Today, Audi remains committed to wagons — and not just in Europe, but in the U.S.  “Even though the wagon market is slower in the U.S. — not because of minivans anymore, but now due to SUVs and crossovers — there are still some people out there who want a European-style, high-performance wagon; they don’t want an SUV or anything like it,” Hoffmann says.

Still, Audi’s wagons sell much better in Europe. In the last several years, the A4 Avant (“Avant” is Audi’s term for wagon) has accounted for 10 percent of Audi’s popular A4 line in the U.S., while in Germany, A4 Avant sales have made up a whopping 70 percent of total A4 sales, vastly outselling sedan and convertible variants. Hoffmann attributes this number to good old market momentum: Since its ’80s wagon invasion in Europe, with successful models like the 100 Avant, people have kept on buying because the company built up loyalty to the point where many European consumers now hold the wagon in higher esteem than the sedan. “They view the A4 Avant’s practicality as an added bonus. There’s no stigma,” Hoffmann says.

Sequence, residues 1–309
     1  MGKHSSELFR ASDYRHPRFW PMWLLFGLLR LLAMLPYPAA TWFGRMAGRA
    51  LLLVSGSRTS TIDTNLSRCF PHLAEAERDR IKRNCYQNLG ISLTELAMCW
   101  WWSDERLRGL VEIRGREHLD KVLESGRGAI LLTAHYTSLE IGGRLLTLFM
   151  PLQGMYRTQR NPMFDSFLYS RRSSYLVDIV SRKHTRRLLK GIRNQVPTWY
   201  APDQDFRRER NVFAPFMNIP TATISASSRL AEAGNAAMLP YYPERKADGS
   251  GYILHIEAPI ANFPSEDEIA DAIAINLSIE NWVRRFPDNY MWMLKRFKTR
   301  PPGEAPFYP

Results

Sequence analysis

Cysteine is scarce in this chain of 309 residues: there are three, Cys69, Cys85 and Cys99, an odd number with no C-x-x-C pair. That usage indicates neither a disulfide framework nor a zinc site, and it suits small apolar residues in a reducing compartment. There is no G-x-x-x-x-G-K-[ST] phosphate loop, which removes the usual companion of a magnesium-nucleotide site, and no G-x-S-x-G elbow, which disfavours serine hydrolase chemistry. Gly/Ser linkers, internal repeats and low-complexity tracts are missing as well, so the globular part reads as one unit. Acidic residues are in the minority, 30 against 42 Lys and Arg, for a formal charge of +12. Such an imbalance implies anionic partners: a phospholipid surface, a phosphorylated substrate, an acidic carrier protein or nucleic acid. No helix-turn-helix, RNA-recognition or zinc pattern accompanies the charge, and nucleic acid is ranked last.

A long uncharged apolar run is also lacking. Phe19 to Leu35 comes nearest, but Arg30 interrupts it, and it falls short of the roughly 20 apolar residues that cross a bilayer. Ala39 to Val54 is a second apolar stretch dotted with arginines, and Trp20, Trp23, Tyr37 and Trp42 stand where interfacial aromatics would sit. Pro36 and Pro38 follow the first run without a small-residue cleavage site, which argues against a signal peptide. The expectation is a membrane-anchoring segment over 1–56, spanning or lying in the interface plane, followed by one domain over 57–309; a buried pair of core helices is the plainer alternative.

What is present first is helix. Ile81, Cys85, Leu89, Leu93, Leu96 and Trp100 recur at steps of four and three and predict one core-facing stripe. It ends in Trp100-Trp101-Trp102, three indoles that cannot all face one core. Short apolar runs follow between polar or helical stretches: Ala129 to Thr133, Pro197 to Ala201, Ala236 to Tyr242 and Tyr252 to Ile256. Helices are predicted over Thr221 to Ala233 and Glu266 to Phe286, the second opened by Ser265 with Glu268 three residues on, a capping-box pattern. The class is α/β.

Audi makes three wagons for the U.S., all spin-offs of sedans: the midsize A6 Avant, the smaller A4 Avant and it’s high-performance twin, the S4 Avant, featured on our list. “It doesn’t have the most space out there, but it’s designed for maximum space utilization and versatility, in a variety of situations,” Hoffmann says of the S4 Avant. “It performs and handles well, and is as stylish as any of our cars. You can go to the grocery store or the opera in it.”

BMW’s also in on the U.S. wagon market — with its compact 3 Series Wagon, which competes directly with the Audi A4 Avant, and its larger 5 Series Wagon, an updated version of which is scheduled to launch in May. Whereas Audi uses “Avant” for wagon designations, BMW uses the letters “xi” in its vehicle names. The soon-to-launch 2008 535xi sports wagon features BMW’s new twin-turbo inline six-cylinder engine first seen in the 3 Series. This 300-hp turbocharged engine is a significant upgrade from the 255-hp engine in the outgoing 2007 530xi wagon.